The authors also tend to overstate their case a bit when it comes to the unwillingness of the United States to employ geoeconomic tools. They remark over and over that although presidents Harry Truman and Dwight Eisenhower were able to use economic power to their advantage at times--by formulating the Marshall Plan, for instance, and during the Suez crisis--such efforts essentially ended with the war in Vietnam. The last twenty years of the Cold War, in their telling, were a creative wasteland, where US leaders seemed to forget economic means altogether. “It is noteworthy,” they explain, “that Western grand strategy toward the Soviet Union had virtually no serious geoeconomic element in the years following the Gulf of Tonkin incident in 1964 and America’s subsequent involvement in the Vietnam War” (p. 253). This is a rather puzzling conclusion to reach, especially given the central place that the Reagan administration gave to economic aspects of its competition with the Soviets. One need not be convinced by Peter Schweizer’s Victory (1994) to come away persuaded that many officials in the administration believed that the Cold War would be won with a plan to outspend the Soviets, encouraging them to keep up in ways that would ultimately cause their collapse. The military build-up of the 1980s had what Blackwill and Harris would consider a geoeconomic component to it which they completely overlook, skipping the Reagan years altogether in their historical narrative. They would have made a much better case by saying that the de-emphasis of geoeconomics began with the collapse of the Soviet Union, not South Vietnam, because it is not the case that geoeconomic statecraft was ever absent from US Cold War grand strategy.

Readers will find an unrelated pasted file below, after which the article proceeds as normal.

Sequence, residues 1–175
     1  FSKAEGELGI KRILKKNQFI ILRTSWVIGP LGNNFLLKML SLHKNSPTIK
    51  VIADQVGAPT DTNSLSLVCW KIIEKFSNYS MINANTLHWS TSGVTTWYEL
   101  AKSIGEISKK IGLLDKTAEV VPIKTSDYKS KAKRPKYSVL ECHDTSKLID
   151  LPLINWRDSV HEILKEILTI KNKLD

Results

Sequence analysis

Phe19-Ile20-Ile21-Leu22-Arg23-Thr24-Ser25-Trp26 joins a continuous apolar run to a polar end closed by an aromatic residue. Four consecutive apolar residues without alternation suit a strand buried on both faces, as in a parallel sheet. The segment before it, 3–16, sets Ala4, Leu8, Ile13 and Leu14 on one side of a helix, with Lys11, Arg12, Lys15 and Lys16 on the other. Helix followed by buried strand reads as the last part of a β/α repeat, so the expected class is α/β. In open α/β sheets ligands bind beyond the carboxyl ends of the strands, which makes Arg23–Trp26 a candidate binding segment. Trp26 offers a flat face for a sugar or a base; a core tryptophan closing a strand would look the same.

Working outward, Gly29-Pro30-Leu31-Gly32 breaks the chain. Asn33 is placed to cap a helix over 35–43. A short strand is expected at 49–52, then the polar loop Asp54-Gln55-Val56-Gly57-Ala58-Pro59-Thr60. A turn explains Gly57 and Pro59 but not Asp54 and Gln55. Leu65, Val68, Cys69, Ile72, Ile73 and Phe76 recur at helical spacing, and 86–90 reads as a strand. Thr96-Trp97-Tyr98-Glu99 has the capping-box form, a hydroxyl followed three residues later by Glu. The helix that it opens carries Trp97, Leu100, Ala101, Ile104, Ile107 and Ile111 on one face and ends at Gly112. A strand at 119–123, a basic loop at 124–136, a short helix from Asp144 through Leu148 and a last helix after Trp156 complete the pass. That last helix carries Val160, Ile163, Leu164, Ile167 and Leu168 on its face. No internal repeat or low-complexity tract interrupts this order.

Finally, as always, it is worth remembering the insights of Robert Jervis. Forty years ago, he argued that one of the most common misperceptions in international politics is the tendency to see the behavior of others as “more centralized, planned, and coordinated than it is.” The assertions in War by Other Means regarding the organizational advantages of authoritarian rivals over the democratic United States echo those made during the Cold War, when the Soviets were thought by many to have the advantage of being able to operate more freely, unburdened by internal checks and balances or public opinion. So while this is not to say that such arguments are wrong, since surely some central control does make geoeconomic policymaking easier, there are also dangers in assuming that the other side is monolithic and strategic. What Blackwill and Harris see as carefully planned geoeconomics could very well be the outcome of internal dissent, disagreement, and satisficing. It is natural, according to Jervis, for decision makers to “overestimate the degree to which their opposite numbers have the information and power to impose their desires on all parts of their own governments.” It is natural for analysts to do so as well.